High-level delegates at the 2023 Ukraine Recovery Conference
An Open Ownership long read
The high-level Ukraine Recovery Conference saw world leaders speak of Ukraine’s investment potential and the role of the private sector in driving recovery, with a clear link to the need for beneficial ownership transparency.
June saw a series of high-profile events in London, including the Ukraine Recovery Conference, held jointly by the UK and Ukraine. Side events included sessions for civil society and governments organised by Chatham House, Transparency International and the European Bank for Reconstruction and Development (EBRD).
The conference shone a spotlight on the critical role and opportunity for the private sector to invest in and be part of Ukraine’s recovery. It also highlighted the importance of beneficial ownership transparency and wider anti-corruption reforms as essential for supporting democracy and the rule of law, in Ukraine and beyond.
But businesses aren’t just a source of much-needed investment for Ukraine’s economic recovery. With reforms like beneficial ownership transparency, businesses can and should be the supporters and drivers of Ukraine’s commendable ambitions for transparency and accountability throughout its recovery.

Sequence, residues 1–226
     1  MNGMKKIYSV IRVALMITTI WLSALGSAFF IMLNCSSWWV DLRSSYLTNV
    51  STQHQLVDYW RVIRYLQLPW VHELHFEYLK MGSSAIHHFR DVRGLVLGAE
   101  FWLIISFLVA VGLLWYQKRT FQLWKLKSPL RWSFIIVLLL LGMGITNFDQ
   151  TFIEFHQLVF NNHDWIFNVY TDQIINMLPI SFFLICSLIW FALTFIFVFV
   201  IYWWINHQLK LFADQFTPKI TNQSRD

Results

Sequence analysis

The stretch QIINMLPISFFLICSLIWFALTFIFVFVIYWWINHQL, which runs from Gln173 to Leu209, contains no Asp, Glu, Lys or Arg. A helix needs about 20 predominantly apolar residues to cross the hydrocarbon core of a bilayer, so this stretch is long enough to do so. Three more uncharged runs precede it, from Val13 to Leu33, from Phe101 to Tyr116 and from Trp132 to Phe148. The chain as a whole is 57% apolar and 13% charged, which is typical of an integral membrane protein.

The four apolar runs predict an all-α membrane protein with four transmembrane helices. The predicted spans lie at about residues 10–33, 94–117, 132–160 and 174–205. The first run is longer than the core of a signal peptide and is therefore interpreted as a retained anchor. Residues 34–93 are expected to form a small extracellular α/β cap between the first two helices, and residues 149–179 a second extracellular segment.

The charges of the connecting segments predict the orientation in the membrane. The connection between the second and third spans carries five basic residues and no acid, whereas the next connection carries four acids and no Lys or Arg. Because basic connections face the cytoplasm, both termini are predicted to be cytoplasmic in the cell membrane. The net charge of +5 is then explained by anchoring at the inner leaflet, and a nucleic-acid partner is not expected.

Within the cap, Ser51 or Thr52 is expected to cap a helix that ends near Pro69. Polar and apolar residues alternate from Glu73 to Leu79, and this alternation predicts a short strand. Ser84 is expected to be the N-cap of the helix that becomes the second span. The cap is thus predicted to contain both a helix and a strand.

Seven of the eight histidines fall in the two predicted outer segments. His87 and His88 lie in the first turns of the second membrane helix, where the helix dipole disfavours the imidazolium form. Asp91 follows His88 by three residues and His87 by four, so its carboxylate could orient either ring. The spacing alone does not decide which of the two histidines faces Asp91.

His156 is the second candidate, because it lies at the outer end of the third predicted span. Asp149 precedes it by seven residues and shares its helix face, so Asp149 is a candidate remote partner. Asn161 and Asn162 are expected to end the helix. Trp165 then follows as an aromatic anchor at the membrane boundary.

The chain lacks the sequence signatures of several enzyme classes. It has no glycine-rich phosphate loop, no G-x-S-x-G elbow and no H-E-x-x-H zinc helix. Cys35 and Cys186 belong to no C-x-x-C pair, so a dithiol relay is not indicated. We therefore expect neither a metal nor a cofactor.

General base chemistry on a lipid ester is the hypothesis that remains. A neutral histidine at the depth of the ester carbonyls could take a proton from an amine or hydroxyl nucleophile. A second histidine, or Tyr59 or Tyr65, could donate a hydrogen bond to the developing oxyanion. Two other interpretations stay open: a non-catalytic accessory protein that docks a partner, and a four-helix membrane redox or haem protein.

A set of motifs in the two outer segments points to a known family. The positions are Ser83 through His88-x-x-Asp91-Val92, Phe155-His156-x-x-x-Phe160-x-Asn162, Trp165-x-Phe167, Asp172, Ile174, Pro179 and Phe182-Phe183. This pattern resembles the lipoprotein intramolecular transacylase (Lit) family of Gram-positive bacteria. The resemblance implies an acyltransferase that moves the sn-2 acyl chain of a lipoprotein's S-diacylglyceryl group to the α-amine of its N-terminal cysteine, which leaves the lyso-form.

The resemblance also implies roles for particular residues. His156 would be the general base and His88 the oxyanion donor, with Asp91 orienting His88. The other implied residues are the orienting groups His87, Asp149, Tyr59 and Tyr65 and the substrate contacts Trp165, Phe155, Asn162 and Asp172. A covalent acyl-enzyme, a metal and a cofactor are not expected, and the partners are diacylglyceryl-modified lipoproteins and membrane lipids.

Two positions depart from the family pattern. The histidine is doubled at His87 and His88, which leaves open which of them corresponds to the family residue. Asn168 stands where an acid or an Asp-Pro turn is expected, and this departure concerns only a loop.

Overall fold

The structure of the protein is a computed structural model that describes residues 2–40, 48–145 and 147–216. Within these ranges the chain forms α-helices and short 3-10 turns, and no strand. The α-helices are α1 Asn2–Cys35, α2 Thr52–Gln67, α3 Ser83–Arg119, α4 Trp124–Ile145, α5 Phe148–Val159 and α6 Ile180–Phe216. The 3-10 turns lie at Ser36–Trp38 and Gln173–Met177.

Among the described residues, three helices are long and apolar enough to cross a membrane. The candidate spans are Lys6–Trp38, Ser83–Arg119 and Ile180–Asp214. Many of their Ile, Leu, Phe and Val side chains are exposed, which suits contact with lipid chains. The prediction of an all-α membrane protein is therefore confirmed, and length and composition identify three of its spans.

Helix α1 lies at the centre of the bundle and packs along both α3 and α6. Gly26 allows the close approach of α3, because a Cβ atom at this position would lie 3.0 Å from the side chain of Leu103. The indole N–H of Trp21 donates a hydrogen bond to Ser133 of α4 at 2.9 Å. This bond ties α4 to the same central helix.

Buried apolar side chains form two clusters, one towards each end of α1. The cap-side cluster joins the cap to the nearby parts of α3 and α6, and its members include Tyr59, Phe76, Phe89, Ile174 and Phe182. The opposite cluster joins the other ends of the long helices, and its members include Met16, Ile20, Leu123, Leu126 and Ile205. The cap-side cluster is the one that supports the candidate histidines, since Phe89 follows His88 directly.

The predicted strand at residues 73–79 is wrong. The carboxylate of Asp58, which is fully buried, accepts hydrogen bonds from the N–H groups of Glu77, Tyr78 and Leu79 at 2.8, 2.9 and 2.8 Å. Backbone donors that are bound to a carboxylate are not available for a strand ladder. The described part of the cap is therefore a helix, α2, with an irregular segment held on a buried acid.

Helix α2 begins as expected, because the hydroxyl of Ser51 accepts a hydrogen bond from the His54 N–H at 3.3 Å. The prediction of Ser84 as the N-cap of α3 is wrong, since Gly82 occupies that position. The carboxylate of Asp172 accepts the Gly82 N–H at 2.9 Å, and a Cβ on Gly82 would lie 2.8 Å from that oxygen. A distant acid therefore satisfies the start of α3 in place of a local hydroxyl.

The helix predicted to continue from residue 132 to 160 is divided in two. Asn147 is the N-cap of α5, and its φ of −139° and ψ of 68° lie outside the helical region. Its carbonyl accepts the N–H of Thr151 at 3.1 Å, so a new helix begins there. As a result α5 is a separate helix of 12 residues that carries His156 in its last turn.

James Cleverly, UK’s Secretary of State for Foreign, Commonwealth and Development Affairs spoke during the conference of “unlocking Ukraine’s potential through a private sector-led recovery” to “rebuild better [and] greener”.
Ukrainian President Volodymyr Zelenskyy spoke in his address about rebuilding infrastructure and Ukrainian lives, and rebuilding Ukraine to protect freedom. He drew a direct line between transparency and corruption, noting that: “the more transparent Ukraine is, the more corrupt Russia will look”.
President of Ukraine Volodymyr Zelenskyy addressing the Ukraine Recovery Conference in June 2023
A central theme highlighted by United States Secretary of State Anthony Blinken was of rebuilding Ukraine to lay the foundations for democracy. “Democracy paves the way for the rule of law and getting rid of corruption,” he said. Secretary of State Blinken also spoke about the role of digitising systems in reducing corruption, and technology was a key focus throughout the event.
DREAM: Innovative new digital ecosystem
During the conference, Ukraine’s Department for Digital Transformation pitched impressive technological innovations, building on Ukraine’s strong record of digitising public services.
Ukraine announced its new transparency initiative DREAM, the Digital Restoration Ecosystem for Accountable Management. DREAM collects, organizes and publishes open data across all stages of reconstruction projects in real time, implementing the highest standards of transparency, and accountability. Anyone, anywhere, can monitor the effectiveness and efficiency of project delivery, and use these insights to mitigate risks, conduct accurate reporting and improve overall project performance. This state digital ecosystem provides a single digital pipeline for all reconstruction projects.